Conflicting terms in a contract occur when there are terms within the contract that cannot be met or adhered to, because of conflicts that would be created within the contract, as a whole. Additionally, conflicting terms in a contract may exist if there are certain terms or definitions that are inconsistent throughout the contract.

Situations in which conflicting terms may occur include:

  • When there are multiple parties drafting the contract
  • The involved parties are not thoroughly clear on the terms or any revisions being made to the contract
  • Terminology is being used that may be familiar to those who work within a specific industry, but may not be familiar to, “lay people”
  • Terms and conditions of the contract are not being clearly spelled out to all of the necessary parties

To help avoid some of these issues, it is best to ensure that the contract is being drafted by someone who is well-versed in contract law and the appropriate language necessary, and who can also ensure that it is being written in common, everyday language. Additionally, a well-crafted contract will often contain language on how to address any conflicting terms, should they occur. Some things to consider in having a contract drafted, to ensure there are no conflicting terms are:

  • Both parties must be in agreement as to the terms and conditions of the contract, provided that the activities stated within the contract are lawful
  • The entire contract should be either agreed upon or denied, rather than attempting to piecemeal those parts of the contract that are amenable to all parties
  • Should there be more than one contract between the same parties, all of the contracts should be taken as one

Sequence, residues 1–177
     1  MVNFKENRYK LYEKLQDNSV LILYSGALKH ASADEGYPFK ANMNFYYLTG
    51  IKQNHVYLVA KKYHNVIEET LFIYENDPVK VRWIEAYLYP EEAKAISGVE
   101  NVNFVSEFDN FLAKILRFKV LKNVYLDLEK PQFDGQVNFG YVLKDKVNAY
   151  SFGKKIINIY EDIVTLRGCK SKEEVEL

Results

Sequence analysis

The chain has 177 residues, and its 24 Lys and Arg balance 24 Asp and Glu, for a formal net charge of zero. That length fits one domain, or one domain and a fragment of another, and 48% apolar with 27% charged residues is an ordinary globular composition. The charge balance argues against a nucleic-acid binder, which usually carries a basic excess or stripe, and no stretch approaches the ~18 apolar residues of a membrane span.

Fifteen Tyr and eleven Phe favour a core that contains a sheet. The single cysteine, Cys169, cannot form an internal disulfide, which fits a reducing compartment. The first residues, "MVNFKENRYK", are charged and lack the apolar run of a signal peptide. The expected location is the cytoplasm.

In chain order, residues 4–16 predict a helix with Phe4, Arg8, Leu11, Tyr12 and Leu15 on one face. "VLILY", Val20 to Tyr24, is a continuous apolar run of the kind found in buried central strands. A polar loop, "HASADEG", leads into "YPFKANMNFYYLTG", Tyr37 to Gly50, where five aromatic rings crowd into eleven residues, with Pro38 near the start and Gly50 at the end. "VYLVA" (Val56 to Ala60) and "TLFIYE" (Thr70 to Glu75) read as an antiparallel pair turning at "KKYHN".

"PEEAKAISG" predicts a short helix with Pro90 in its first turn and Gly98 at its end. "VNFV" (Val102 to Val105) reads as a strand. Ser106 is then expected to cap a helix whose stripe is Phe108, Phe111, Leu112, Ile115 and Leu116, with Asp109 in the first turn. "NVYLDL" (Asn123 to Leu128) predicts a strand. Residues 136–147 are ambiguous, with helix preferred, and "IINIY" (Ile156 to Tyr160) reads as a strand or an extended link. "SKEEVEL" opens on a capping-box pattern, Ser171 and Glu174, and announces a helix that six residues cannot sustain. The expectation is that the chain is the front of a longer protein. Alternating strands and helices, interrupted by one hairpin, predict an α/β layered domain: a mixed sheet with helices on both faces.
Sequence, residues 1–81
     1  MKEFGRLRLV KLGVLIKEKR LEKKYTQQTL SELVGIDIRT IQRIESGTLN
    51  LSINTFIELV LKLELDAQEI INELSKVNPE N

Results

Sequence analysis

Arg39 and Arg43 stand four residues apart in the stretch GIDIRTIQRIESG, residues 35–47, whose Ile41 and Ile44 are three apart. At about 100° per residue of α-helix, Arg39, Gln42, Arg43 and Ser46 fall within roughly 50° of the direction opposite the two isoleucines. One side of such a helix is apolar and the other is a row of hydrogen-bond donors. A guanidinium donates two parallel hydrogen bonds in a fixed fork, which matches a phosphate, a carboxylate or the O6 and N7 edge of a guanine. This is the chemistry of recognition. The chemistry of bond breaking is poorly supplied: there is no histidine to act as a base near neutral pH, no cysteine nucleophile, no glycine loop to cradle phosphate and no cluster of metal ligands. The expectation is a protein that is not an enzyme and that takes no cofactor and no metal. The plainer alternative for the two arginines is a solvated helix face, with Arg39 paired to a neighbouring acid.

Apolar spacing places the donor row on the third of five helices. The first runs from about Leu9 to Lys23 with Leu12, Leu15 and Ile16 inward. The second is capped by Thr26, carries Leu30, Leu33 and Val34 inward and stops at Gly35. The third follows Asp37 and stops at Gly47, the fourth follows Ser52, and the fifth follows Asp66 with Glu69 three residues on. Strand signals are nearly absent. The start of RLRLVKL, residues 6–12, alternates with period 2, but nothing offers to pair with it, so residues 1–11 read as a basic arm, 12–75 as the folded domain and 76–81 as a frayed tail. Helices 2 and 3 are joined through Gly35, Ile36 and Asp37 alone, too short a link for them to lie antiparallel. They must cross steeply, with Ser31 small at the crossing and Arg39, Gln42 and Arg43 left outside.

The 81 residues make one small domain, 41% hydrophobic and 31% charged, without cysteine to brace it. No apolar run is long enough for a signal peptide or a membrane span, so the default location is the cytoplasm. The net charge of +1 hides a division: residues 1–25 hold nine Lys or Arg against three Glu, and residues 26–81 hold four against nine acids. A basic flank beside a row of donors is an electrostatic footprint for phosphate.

• Despite any vagueness that may exist, the contract will only apply to those mutually agreed upon terms and conditions
  • The language used in the contract should be clear and simple, understood by people not working in the industry which the contract covers
  • Any technical or industry-specific language that is used in the contract should be defined in clear terms

While it may seem as though conflicting terms in a contract could create a “deal-breaker” scenario, that does not have to be the case, provided that all parties involved are on board with ensuring that the contract is being drawn-up by someone knowledgeable in contract creation.

How to Resolve Conflicting Terms in a Contract

It is crucial to know how to best resolve issues around conflicting terms in a contract, as issues surrounding conflicting terms are now some of the primary reasons as to why parties involved in contract disputes take legal action against one another.

One reason as to why this may be the case is due to more and more people choosing to draft contracts themselves, trusting the, “good faith” relationship they may have with the other parties and assumptions of understanding the various terms and conditions, rather than utilizing the sources of an expert. While this may seem like a great way to make the process of drafting a contract less expensive, quicker and easier, in the long run, the opposite may prove to be true, as a qualified attorney will have the background as to how best write a legally-binding, equitable and easily understood contract.

It is worth noting that while the internet can be wonderful tool for finding pre-written contracts or templates, wherein the respective parties simply need to plug in pertinent details, because of the ambiguity that these templates can create, most courts will value the legality of a handwritten or typed contract, over one that is a pre-designed from the internet.

In addition to hiring a qualified attorney or contract expert to draft your documents, other steps you can take include:

  • Be specific. Specific terms and language are given far more credence than general ones. It is harder to argue any lack of clarity or understanding if the contract is as specific as possible.
  • Keep records. Should there be revisions to the contract made before all parties are in agreement, make sure that you are retaining dated copies of the previous copies, with notes as to why it was not accepted. Keeping these records can be beneficial to a judge in seeing the negotiation process, should you still find yourself in a position of there being a dispute over the contract.
  • Don’t sign or agree to anything which you are not completely clear on. While this may mean additional rewrites, costing more time, it can ensure that down the road, there is no confusion as to the terms and conditions of the contract

While it may not always be possible to avoid issues of conflicting terms in a contract, by taking the right steps, you can ensure that those times are the exception and not the rule.

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